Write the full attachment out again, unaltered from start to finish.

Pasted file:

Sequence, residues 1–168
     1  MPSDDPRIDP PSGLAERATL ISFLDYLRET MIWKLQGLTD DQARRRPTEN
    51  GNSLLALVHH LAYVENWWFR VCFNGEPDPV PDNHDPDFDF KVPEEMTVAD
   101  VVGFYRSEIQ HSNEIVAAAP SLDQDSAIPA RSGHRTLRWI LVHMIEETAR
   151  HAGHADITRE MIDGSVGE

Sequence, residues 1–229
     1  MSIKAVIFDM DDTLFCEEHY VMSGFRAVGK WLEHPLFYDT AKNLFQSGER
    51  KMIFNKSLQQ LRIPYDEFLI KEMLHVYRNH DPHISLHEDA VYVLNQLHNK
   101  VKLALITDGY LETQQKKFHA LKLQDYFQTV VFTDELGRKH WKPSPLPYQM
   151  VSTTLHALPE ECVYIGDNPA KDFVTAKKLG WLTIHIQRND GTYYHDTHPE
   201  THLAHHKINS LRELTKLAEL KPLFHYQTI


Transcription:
Sequence, residues 1–168
     1  MPSDDPRIDP PSGLAERATL ISFLDYLRET MIWKLQGLTD DQARRRPTEN
    51  GNSLLALVHH LAYVENWWFR VCFNGEPDPV PDNHDPDFDF KVPEEMTVAD
   101  VVGFYRSEIQ HSNEIVAAAP SLDQDSAIPA RSGHRTLRWI LVHMIEETAR
   151  HAGHADITRE MIDGSVGE

Sequence, residues 1–229
     1  MSIKAVIFDM DDTLFCEEHY VMSGFRAVGK WLEHPLFYDT AKNLFQSGER
    51  KMIFNKSLQQ LRIPYDEFLI KEMLHVYRNH DPHISLHEDA VYVLNQLHNK
   101  VKLALITDGY LETQQKKFHA LKLQDYFQTV VFTDELGRKH WKPSPLPYQM
   151  VSTTLHALPE ECVYIGDNPA KDFVTAKKLG WLTIHIQRND GTYYHDTHPE
   201  THLAHHKINS LRELTKLAEL KPLFHYQTI